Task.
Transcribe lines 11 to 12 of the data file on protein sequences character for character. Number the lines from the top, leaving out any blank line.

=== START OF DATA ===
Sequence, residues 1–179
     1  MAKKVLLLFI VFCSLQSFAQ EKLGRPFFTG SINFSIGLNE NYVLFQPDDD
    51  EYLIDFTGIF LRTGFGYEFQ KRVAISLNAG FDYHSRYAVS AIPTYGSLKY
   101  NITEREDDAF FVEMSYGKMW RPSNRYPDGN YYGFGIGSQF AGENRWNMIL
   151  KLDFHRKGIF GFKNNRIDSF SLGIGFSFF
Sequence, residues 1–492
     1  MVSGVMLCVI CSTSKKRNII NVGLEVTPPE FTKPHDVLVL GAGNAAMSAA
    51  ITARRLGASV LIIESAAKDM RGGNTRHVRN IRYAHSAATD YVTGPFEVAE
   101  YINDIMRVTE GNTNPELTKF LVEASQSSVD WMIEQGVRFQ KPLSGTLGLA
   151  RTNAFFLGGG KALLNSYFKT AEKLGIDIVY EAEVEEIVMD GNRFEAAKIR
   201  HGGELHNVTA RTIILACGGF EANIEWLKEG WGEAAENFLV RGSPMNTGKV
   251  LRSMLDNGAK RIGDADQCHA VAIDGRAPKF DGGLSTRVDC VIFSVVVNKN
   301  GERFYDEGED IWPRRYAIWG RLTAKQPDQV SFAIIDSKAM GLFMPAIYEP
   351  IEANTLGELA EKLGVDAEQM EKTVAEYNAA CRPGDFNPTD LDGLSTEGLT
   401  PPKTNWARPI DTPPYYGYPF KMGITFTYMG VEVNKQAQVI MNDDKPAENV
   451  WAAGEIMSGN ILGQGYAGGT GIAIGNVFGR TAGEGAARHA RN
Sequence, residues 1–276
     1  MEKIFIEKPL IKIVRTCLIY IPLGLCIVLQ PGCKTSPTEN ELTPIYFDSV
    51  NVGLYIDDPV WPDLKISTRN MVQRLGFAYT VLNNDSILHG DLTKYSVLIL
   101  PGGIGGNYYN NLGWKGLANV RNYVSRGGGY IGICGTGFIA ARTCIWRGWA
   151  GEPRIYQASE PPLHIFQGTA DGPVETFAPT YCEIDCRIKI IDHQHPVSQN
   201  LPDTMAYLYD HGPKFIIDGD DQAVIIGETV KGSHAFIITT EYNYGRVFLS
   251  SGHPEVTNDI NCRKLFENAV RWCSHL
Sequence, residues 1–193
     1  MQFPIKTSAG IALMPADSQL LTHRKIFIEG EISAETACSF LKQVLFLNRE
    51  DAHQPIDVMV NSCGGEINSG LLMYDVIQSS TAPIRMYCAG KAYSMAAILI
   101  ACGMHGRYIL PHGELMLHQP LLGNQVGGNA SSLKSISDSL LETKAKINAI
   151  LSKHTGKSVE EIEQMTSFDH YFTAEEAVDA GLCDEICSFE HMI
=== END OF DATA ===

   201  HGGELHNVTA RTIILACGGF EANIEWLKEG WGEAAENFLV RGSPMNTGKV
   251  LRSMLDNGAK RIGDADQCHA VAIDGRAPKF DGGLSTRVDC VIFSVVVNKN